Road Review – Hyundai Tucson 2.0d Sport

So, there I was just chilling on a mid-morning jaunt to the local shopping centre when some mouse in another brand of car pulls alonside at the traffic lights and starts revving his engine and gesturing at the Hyundai Tucson Sport I was driving.

No traffic on the road so I figured by the time I had outdragged him to the next set of lights he would be embarrassed enough to turn off and slink quietly away.


But no. Having dropped him as planned, we get to the set of lights and he jumps out of his car – now this is South Africa – so I’m planning a racy getaway from what could be a hijack attempt. However, he approaches, both hand held open and empty and, since he is wearing a suit, I drop the window a smidgen.

Turns out he wants to buy the car. The local dealer did not have one in blue, he wanted it and happened to spot me as I drove past.

It might just be a SUV, but the Sport is that kind of a car. The locally developed gutsier version has the right look of intent and backs this up with enough muscle to be really good fun – and, the dealer can adjust the throttle response setting from the sublime to the ridiculous.

My test unit was the 2,0-litre diesel and when you have to concentrate really hard not to induce wheelspin every single time you pull away, you know the tweaks work.

The 2,0-litre turbo-diesel delivers 150 kW at 4 000 r/min and torque delivery is 460 Nm in an engine speed range of 1 750 r/min to 2 750 r/min. This engine, also delivering power to the front wheels, is coupled with an 8-speed automatic transmission, which also offers a manual shift option.


At the local launch I drove one with the wild throttle – fortunately the actual test car had this muted to a more manageable level, but still tweaked enough to instantly be responsive to throttle pressure and move from ‘Mom’s Taxi’ to road racer in milliseconds.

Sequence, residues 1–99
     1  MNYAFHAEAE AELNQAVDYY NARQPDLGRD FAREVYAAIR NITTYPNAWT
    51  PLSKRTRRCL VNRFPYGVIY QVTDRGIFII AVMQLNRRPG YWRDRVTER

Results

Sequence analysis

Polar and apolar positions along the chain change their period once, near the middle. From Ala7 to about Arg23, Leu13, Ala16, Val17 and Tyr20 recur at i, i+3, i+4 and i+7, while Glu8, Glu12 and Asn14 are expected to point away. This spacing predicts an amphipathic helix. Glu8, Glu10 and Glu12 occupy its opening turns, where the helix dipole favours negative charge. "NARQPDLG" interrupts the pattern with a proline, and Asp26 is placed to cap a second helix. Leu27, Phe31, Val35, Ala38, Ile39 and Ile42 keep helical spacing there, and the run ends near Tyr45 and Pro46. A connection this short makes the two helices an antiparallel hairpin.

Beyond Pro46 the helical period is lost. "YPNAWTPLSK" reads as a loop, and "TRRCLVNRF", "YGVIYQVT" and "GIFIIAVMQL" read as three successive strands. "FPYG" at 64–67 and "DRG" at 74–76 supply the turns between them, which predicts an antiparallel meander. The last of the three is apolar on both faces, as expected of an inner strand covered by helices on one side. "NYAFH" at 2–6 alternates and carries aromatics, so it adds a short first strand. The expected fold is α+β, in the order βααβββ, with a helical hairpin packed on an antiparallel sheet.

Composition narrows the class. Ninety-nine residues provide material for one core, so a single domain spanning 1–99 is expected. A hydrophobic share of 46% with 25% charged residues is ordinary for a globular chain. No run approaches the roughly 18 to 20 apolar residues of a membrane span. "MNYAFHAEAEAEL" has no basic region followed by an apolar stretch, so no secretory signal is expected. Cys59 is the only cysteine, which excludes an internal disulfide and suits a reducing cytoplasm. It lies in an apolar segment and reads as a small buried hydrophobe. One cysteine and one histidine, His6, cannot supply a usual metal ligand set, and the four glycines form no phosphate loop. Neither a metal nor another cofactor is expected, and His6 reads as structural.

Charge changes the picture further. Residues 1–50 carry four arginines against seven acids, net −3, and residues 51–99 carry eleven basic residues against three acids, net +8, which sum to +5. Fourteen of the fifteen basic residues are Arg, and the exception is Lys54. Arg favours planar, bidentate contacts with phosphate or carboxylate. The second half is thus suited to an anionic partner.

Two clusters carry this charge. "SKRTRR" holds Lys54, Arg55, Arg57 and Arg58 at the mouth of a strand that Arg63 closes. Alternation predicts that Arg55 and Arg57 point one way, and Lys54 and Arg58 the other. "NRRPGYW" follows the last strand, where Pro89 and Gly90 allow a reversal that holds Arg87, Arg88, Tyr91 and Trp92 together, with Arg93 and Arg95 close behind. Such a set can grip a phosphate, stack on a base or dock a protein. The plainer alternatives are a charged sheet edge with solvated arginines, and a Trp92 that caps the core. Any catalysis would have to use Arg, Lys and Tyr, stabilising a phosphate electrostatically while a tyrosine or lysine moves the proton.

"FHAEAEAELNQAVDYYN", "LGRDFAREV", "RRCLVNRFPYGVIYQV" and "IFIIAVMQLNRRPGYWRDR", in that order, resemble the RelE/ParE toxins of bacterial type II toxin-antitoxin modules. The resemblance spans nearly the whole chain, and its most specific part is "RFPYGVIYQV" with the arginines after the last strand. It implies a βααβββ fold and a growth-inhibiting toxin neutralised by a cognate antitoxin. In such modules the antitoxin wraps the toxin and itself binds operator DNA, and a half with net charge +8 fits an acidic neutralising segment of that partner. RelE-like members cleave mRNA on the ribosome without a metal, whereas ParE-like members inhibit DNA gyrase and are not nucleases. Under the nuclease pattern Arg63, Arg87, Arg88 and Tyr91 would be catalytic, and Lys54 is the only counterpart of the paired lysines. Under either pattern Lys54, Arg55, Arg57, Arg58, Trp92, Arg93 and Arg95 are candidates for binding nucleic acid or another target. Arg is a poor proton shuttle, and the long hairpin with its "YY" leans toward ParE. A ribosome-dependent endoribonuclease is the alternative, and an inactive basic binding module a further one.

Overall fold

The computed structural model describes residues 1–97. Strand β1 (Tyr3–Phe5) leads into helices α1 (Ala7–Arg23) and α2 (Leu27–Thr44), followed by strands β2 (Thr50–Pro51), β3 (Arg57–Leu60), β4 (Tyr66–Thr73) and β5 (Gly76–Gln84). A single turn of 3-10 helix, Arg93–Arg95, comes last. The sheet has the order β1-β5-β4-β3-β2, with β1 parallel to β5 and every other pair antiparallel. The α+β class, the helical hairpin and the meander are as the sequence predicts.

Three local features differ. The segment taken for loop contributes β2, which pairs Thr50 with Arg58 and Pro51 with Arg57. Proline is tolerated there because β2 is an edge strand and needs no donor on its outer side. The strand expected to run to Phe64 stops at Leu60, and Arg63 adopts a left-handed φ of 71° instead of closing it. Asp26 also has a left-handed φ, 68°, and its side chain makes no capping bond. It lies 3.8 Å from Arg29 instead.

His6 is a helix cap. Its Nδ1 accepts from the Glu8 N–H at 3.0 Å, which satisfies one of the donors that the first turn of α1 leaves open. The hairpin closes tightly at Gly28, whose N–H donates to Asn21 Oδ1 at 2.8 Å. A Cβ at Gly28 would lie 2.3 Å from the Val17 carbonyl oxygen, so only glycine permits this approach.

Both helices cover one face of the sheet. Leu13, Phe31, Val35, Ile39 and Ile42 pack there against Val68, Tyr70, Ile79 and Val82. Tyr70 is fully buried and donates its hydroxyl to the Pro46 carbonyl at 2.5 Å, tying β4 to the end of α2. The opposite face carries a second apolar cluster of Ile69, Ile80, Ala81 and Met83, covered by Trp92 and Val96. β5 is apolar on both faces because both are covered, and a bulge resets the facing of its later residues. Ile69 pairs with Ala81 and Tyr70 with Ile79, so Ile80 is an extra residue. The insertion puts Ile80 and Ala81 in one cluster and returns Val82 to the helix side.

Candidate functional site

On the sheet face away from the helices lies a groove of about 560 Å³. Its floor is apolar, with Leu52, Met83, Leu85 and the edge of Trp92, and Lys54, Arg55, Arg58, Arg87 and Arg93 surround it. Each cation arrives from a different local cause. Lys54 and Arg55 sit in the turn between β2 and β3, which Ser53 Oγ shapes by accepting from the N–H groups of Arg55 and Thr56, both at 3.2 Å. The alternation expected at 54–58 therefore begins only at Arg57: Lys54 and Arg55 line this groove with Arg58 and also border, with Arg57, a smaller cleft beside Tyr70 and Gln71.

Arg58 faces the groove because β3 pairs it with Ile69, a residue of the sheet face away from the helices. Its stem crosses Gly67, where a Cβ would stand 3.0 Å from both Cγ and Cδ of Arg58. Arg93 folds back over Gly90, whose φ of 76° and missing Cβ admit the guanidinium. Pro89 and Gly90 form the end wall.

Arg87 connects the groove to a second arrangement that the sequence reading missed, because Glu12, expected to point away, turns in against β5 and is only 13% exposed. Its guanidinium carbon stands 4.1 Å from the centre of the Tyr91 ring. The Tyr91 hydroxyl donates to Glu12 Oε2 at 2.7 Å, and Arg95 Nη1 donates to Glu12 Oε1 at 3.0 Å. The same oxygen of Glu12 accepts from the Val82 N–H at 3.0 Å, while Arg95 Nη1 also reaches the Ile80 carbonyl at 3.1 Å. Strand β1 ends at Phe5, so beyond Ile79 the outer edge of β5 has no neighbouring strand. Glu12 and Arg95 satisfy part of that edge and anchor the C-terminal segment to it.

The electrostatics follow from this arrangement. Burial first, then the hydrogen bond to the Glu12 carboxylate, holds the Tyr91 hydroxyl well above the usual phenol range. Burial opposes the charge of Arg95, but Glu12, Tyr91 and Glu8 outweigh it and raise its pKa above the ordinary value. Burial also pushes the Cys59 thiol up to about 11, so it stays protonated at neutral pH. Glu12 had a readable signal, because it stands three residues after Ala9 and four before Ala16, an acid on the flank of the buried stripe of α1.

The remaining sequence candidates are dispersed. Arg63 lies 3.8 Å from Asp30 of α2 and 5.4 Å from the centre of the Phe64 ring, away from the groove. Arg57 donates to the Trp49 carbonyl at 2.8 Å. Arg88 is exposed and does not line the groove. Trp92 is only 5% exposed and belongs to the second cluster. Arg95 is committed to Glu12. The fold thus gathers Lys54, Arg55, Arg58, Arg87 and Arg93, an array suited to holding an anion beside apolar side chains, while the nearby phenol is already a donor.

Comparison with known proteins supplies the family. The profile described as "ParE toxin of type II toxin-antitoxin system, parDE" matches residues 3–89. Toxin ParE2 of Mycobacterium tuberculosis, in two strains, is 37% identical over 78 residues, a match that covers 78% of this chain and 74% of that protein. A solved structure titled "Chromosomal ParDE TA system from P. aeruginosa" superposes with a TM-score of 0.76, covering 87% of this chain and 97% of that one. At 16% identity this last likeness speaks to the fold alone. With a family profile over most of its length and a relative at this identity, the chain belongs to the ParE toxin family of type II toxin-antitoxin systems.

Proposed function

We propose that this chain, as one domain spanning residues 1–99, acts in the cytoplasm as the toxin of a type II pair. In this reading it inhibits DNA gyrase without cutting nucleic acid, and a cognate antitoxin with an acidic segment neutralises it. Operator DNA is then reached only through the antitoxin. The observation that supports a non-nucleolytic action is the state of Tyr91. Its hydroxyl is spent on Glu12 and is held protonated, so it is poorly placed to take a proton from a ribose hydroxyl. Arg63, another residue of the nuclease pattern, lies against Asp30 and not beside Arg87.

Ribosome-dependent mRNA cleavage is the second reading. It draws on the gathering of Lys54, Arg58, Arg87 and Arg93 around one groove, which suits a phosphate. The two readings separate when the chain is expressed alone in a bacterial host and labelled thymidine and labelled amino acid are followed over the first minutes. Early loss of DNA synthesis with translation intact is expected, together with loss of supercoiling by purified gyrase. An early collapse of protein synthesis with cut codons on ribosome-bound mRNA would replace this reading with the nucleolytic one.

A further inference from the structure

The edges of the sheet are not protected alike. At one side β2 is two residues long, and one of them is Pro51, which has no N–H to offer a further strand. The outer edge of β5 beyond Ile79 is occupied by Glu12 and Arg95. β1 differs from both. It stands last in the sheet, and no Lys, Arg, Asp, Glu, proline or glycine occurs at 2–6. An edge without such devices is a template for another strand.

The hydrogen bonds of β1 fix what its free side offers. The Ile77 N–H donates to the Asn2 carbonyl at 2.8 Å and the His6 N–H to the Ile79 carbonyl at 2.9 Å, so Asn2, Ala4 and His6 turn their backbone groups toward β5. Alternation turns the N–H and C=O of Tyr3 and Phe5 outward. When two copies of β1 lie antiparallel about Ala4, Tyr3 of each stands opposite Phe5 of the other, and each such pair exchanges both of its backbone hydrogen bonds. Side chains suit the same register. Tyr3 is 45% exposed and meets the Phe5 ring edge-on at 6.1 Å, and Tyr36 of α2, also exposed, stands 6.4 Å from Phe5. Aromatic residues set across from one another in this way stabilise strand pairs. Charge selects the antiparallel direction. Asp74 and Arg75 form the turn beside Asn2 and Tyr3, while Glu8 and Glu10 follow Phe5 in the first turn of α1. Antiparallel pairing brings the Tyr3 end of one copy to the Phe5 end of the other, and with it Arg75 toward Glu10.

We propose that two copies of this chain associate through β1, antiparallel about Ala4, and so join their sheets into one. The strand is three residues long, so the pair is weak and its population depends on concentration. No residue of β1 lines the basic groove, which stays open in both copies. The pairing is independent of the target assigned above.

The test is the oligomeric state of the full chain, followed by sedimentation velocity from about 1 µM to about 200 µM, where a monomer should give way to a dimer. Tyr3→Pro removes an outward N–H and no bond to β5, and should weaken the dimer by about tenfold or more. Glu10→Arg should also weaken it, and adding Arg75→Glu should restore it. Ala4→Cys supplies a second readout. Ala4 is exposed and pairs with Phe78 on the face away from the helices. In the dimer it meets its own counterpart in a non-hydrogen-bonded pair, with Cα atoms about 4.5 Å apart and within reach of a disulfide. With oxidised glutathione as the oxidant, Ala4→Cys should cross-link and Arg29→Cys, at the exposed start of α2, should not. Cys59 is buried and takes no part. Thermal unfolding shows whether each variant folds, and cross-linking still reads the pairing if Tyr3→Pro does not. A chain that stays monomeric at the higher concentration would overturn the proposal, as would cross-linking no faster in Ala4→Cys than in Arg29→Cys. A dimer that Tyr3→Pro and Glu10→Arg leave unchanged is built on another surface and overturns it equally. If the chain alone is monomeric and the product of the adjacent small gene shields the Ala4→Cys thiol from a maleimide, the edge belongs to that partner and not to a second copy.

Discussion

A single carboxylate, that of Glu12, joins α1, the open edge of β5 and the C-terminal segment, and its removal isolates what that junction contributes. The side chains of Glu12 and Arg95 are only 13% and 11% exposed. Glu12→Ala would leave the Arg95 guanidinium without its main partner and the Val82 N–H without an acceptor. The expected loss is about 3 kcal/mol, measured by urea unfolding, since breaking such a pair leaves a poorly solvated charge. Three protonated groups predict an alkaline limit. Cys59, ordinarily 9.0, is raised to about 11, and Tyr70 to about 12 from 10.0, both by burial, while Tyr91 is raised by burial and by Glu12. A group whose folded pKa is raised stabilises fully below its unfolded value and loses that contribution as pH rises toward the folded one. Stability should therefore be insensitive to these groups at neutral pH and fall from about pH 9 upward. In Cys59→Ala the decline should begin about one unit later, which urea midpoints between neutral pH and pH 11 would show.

On that score I can relate to the man’s urgency in wanting one, and wanting it now – to the point of offering to buy my one from me.

It is not the fastest or most brutal SUV on the market. What it does is just elevate the standard version to fun level for those unlikely to be taking their charges on lesser known and dirt road trips – although, even with the lower profile (245/45 R19), it handles slippery and marbled dirt quite well.


Fuel consumption is around 7,9 l/100 km on average so it is good for 780 or kilometres or so on a tank.

The Tucson Sport’s interior is similar to the other derivatives in the range, sporting a dashboard with a floating 7-inch screen for its infotainment system that offers features such as linkage to Apple’s CarPlay or the Android Auto application on smartphones.

In the case of the Sport derivative, the top specification level was chosen, including features such as power seat adjustment for the driver and passenger, dual climate control, rear air vents, rear parking assist cameras and a rear-view camera with a display on the infotainment screen, and a panoramic sunroof.

The Tucson’s upper dashboard features high-quality soft-touch material with a double stitching line for a high-quality feeling in the interior. The focal point of the centre console is the floating audio system screen, which has an ergonomic position to allow drivers to stay focused on the road.

The infotainment system in the Tucson offers a satellite navigation function when used with one’s Apple cell phone and CarPlay, or the Android Auto application.


Apart from the Blind Spot Detection and Cross Traffic Alert (in the Executive, Elite and Sport versions), the Tucson is equipped with passive safety features such as dual front and side crash bags (driver and front passenger) and curtain crash bags that offer protection for rear passengers as well in all derivatives. Isofix latching points for child safety seats are also fitted to all Tucson derivatives.

Executive, Elite and Sport derivatives of the Tucson are also equipped with Vehicle Stability Management that keeps the car stable on wet, slippery or rough roads, as well as Hill-start Assist Control to prevent roll-back when pulling off against an incline.

It comes with a 5 year/90 000 km service plan, a 7-year/200 000 km warranty,roadside assistance for 7 years or 150 000 and service intervals are every 15 000 km.

The Hyundai warranty goes a long way to helping to contain ever rising motoring costs but is also a good statement of confidence in a brand that continues to strengthen its footprint both locally and internationally.

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